Doctoral Consortium

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The Doctoral Consortium is a special session of the conference where PhD students in the early phases of their research can receive advice in a constructive atmosphere and grow their research network. Students present and discuss their early research with other PhD students and a panel of established researchers in the area of the Internet of Things.

For the IoT 2020 Doctoral Consortium, we are seeking submissions of original (unpublished) early research by PhD students on all topics related to the development and adoption of the Internet of Things.


Possible topics include, but are not limited to:

  • IoT Edge and Cloud Architectures
  • Web of Things
  • IoT Communication Technologies
  • AI and Machine Learning for the IoT
  • Sensing, Signal Processing, Actuation and Analytics
  • Energy Efficiency and Sustainability in the IoT
  • Real-world Applications, Deployments and Testbeds
  • Interacting with the IoT
  • Security, Privacy and Trust in the IoT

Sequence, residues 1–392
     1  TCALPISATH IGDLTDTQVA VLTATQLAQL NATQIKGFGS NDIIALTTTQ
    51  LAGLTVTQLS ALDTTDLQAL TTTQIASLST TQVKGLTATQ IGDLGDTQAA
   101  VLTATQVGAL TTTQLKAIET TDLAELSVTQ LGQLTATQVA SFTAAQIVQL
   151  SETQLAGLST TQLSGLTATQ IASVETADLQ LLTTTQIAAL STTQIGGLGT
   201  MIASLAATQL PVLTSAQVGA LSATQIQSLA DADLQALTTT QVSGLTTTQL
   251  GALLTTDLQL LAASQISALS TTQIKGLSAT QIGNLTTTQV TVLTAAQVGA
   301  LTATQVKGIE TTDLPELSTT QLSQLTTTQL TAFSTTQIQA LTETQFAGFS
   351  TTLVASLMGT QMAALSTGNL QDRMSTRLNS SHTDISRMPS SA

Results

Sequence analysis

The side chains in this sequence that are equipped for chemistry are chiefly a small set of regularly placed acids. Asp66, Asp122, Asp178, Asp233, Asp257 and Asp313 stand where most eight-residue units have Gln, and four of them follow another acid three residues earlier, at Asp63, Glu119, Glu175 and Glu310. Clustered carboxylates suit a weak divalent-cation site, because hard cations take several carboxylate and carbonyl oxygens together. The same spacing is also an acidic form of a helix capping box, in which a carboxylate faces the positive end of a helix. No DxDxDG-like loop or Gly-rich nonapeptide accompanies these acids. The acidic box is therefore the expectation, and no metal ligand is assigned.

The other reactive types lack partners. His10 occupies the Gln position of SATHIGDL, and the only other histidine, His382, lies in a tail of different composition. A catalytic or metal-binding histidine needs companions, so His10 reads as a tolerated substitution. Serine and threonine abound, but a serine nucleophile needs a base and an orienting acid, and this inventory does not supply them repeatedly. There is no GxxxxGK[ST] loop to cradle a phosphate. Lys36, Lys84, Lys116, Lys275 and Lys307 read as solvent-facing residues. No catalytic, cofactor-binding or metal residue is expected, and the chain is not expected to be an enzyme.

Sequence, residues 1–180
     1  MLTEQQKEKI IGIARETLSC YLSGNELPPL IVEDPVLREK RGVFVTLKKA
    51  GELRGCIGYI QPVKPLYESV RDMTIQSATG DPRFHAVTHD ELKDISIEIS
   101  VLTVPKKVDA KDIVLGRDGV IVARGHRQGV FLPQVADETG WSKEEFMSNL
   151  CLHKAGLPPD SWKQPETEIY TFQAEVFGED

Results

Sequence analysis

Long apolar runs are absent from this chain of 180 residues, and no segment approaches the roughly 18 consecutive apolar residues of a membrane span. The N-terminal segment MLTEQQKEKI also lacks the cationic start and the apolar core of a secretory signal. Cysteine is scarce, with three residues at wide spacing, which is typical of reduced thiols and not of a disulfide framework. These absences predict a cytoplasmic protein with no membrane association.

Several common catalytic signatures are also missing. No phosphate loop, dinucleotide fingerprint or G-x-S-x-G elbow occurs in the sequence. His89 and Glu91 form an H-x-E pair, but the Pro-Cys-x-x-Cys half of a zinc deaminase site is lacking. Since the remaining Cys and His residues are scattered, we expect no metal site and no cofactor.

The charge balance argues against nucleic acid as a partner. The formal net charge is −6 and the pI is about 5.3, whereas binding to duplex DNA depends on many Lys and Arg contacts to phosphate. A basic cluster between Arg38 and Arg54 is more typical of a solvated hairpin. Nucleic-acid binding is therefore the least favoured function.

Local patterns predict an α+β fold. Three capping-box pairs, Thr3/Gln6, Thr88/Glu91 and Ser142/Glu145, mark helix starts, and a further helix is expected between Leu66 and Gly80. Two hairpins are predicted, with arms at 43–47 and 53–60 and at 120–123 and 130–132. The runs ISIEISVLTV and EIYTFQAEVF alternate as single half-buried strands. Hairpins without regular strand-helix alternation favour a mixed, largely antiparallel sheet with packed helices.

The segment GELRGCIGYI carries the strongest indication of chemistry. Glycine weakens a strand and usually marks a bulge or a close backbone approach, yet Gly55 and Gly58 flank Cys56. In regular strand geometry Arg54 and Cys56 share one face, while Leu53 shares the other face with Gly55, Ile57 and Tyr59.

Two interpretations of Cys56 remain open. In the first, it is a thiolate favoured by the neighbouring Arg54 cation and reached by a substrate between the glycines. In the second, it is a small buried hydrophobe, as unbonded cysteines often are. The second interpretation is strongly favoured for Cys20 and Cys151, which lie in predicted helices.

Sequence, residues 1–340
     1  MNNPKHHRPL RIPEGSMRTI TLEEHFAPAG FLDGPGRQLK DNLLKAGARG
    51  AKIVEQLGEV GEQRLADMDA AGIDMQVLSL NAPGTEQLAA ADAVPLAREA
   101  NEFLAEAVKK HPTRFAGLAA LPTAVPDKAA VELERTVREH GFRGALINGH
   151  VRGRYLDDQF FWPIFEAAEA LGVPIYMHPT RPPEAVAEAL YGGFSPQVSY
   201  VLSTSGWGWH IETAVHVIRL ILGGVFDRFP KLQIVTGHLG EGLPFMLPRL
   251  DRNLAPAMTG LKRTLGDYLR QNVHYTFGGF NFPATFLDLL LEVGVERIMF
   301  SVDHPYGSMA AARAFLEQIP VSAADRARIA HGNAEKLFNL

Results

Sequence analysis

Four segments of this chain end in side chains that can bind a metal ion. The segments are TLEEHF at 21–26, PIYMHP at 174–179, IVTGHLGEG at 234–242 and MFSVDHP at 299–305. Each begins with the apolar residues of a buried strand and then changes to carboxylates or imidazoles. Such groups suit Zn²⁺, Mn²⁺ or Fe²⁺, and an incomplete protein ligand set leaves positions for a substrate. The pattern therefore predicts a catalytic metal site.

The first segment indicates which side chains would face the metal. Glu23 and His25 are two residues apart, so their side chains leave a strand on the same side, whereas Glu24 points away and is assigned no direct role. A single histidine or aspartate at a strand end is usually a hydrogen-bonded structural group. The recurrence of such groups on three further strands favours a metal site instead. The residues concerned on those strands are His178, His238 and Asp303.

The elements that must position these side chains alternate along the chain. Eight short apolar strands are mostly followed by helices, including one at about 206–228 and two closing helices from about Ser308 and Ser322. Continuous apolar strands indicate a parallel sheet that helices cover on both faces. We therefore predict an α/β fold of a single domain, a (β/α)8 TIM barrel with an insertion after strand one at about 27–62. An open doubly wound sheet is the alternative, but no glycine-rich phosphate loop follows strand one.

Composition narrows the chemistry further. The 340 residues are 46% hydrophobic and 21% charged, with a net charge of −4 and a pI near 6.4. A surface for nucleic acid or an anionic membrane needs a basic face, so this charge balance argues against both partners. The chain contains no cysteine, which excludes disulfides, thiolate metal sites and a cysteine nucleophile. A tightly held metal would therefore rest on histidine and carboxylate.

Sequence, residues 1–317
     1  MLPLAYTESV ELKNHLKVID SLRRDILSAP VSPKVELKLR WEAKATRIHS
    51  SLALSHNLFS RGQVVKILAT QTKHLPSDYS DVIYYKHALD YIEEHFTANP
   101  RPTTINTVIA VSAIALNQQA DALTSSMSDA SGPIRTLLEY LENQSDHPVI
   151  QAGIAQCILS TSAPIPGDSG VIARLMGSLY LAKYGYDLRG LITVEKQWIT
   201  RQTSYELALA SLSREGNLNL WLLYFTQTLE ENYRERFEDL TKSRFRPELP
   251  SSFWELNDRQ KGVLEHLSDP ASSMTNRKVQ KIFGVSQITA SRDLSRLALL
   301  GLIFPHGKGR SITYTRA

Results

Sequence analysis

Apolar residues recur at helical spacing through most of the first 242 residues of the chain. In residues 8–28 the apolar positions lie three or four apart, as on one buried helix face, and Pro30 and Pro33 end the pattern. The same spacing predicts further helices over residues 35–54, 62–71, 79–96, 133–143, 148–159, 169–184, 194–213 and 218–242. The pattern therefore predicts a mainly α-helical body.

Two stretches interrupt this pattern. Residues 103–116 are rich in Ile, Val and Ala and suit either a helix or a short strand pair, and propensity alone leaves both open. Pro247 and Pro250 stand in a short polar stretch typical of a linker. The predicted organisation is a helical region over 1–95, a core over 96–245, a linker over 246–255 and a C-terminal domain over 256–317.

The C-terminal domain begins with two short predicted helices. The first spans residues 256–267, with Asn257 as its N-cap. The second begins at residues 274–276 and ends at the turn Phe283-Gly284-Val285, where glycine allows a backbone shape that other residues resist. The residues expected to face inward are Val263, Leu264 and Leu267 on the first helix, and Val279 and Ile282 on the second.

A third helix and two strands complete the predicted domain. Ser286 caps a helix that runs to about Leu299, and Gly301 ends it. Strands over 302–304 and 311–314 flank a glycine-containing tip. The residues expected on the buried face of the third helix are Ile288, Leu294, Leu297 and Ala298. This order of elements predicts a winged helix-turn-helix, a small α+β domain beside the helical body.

• Societal Impact of the IoT

Important Dates

  • Submissions:  June 1, 2020 New date: August 1, 2020
  • Notifications: June 15, 2020 New date: August 15, 2020
  • Camera Ready: July 15, 2020 New date: September 1, 2020

Preparing and Submitting Your PhD proposal

Students interested in participating in the Doctoral Consortium should submit a 4 page abstract (including references) formatted in the most recent ACM SIGCHI Extended Abstracts Format (LatexWordOverleaf)  via email to the DC chairs Nancy Russo and Frank Kraemer ( and describing in English their research question / problem to solve, its position with respect to the state of the art, their research plans and methodology, and results achieved so far.

Accepted abstracts will be included in the adjunct conference proceedings (unless opted out by the student), listed on DBLP and published via the ACM Digital Library. We plan to allocate for each student a 20-minute time slot, with 13 minutes for a presentation and 7 minutes for oral feedback by at least two senior faculty members or researchers. The presentation will be intimate to encourage interaction, with only the session organizer, review panel, and other student DC presenters in attendance. Students are encouraged to submit work at an early stage of development to get the greatest benefit from the feedback from senior researchers. Students are expected to attend all presentations in their session.